Posted by: irisestellerobinson | December 14, 2014

The Isabella Stewart Gardener Museum

All the way back during Fall break I visited Boston for the first time with my mother, who was visiting from England. By chance we ended up at the Isabella Stewart Gardner museum because we though we didn’t have time for the Museum of Fine Arts.

I was immediately enamoured with the idea of the museum. Gardner, who was considered an outrageous women during her life, designed and built the building as a museum to display her vast art collection. Gardner’s will stipulated that the collection stay on display in the same way as she designed it after her death. Because of this decision the museum to me offered a unique insight into the life and mind of Gardner, who to me seems to be an incredibly interesting figure.

Isabella Stewart Gardner was a remarkable woman, she refused to be constrained by the social expectations of her situation, at the end of the Victorian era in Boston. She travelled the world and collected many rare art works and artefacts as well as befriending and supporting the artists and writers of her day including John Singer Sargent, James McNeill Whistler, Anders Zorn and Henry James. There are several portraits of Gardner, some of which were extremely controversial at the time of their production. One pictures her in a black dress, a portrait Gardner commissioned herself. The painting is by John Singer Sargent, Gardner’s close friend. Upon the portrait’s first public display it received many negative comments. This was mostly because her posture was deemed too bold for a woman, her gaze meets the eye of the observer and seems to be appraising. The neckline and silhouette of her dress was judged to be too plunging and daring for the 47 year old it pictured. These comments upset Gardner’s husband so the portrait was not displayed in public while he lived. It now takes pride of place in the Gothic room on the third floor of the museum and I found it immediately striking. It shows Gardner as strong and authoritative, which was very refreshing, she was not a “woman looking sideways”, but someone intelligent and daring for her time, refusing to adhere to society’s expectations.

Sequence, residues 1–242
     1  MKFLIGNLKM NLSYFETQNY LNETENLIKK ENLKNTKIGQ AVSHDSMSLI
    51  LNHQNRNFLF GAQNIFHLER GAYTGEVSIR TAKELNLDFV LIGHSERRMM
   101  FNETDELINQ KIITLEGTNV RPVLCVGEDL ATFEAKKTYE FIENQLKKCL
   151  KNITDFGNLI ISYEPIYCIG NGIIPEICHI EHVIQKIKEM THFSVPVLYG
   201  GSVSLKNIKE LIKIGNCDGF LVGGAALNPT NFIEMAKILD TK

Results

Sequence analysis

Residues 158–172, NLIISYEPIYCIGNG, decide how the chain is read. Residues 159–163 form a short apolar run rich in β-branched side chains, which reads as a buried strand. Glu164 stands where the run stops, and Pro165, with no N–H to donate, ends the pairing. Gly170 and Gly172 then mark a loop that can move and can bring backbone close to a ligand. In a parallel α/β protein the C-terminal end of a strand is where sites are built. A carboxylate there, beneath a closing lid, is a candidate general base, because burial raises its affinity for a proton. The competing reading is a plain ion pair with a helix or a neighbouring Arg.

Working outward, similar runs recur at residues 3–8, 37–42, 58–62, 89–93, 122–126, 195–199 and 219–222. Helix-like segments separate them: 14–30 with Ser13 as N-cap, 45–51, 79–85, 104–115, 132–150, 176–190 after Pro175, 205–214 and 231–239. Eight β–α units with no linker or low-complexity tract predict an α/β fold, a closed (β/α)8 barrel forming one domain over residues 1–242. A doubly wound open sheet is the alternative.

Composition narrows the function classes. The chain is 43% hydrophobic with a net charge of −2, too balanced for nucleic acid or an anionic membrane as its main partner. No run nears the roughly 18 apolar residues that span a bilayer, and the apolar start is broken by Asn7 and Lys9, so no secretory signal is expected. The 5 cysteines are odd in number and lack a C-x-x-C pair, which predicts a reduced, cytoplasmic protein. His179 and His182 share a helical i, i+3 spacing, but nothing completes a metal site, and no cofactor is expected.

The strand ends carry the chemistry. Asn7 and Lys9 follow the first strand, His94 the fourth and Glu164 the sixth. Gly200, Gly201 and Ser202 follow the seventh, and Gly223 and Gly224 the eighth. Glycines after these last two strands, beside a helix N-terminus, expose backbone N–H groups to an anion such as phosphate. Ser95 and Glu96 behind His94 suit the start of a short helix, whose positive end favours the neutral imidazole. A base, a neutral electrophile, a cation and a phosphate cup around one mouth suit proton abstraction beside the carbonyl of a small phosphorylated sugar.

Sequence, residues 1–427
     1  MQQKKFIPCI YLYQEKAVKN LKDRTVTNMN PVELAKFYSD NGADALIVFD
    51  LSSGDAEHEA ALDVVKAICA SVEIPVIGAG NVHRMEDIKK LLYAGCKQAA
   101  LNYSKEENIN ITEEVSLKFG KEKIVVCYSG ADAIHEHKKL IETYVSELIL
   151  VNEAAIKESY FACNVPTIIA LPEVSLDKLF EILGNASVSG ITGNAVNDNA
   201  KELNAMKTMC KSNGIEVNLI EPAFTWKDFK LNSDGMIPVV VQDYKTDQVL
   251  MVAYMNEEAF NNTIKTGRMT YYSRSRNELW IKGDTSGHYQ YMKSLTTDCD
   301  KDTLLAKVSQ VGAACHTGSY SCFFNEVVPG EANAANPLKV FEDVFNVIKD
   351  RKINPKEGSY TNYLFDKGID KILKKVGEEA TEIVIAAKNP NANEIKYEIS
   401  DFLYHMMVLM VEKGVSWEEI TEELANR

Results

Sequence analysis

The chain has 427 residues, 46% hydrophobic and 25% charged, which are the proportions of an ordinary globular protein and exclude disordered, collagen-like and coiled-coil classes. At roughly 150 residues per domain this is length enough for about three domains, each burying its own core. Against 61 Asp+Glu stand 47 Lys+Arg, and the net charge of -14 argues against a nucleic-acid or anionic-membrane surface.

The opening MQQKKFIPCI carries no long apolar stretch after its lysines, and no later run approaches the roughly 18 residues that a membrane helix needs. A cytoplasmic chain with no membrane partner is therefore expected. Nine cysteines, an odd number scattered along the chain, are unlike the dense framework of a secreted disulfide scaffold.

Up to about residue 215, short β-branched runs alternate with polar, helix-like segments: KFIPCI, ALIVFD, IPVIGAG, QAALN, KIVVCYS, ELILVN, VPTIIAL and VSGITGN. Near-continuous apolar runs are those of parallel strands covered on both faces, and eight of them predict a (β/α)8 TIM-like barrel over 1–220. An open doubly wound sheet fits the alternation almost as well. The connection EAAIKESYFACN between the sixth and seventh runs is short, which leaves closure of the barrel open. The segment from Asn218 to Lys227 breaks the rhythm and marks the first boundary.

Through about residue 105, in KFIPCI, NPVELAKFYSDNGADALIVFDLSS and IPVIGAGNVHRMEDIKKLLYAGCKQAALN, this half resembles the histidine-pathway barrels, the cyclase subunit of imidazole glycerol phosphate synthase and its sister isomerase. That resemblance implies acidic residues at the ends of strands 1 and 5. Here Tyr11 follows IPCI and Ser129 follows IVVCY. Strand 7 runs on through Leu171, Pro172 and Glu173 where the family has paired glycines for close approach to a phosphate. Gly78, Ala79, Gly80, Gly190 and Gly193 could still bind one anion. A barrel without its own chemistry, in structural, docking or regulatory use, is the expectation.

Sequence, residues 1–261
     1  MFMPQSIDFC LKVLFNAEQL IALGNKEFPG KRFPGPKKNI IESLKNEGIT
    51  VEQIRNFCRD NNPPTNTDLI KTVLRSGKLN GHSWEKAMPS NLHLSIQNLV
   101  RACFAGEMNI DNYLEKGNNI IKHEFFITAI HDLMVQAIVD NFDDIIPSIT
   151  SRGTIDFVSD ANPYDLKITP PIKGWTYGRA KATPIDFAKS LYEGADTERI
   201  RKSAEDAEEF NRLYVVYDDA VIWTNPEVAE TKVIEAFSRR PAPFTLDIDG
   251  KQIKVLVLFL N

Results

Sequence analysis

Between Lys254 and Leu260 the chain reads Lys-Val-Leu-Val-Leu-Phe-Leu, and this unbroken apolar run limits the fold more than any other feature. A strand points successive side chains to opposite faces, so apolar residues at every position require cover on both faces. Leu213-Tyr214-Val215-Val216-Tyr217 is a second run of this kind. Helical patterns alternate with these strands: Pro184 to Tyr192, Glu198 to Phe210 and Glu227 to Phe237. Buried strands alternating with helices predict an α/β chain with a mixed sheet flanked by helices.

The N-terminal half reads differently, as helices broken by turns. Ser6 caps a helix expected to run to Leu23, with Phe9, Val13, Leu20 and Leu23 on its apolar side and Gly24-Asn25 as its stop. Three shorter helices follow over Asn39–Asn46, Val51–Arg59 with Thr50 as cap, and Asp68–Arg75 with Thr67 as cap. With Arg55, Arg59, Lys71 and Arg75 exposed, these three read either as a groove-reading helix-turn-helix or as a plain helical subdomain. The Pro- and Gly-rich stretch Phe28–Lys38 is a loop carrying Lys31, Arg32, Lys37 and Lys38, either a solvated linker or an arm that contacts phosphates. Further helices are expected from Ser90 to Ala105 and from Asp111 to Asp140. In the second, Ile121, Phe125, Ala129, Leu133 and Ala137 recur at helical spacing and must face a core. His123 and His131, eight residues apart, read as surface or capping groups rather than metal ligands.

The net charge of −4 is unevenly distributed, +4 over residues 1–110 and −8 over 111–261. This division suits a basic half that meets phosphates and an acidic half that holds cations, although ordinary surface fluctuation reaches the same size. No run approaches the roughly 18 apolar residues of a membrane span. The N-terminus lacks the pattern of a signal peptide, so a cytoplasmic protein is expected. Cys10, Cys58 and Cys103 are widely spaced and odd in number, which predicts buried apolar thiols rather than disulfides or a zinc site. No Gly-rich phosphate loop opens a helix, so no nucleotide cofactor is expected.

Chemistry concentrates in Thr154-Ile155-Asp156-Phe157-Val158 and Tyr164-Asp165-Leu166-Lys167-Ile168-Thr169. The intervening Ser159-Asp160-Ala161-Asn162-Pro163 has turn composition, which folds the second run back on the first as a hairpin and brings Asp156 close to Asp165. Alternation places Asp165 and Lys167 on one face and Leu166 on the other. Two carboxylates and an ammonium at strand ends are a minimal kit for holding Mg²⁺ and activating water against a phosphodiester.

The museum today has a large glass fronted extension but originally walking into Gardner’s creation the first thing you come to is the courtyard. The space has a classical feel with its arches and columns and various reproduction and original statues. Immediately I noticed the sort of patchwork quality of the layout, with pieces seemingly scattered about the grass. But at the same time there was obviously real skill with how the garden was put together. The whole museum was built surrounding this open air centre and as I continued to explore the three floors of the museum I discovered that the garden was visible from each, and it was stunning from every angle. The piece which stood out the most for me within the courtyard area was a large terracotta fallen vase, in a classical Greek shape. It rested on its side at an angle on a small bank in front of a fountain.  While it was arguably the most plain piece in the whole garden there was something which struck me at the way it seemed to have just landed in its place, very casually and seemingly without care. At the same time however it seems impossible to me to imagine the garden without it. This feeling I had just from looking at this urn made me realise the skill with which Gardener assembled her museum, at once appearing effortless and calculated.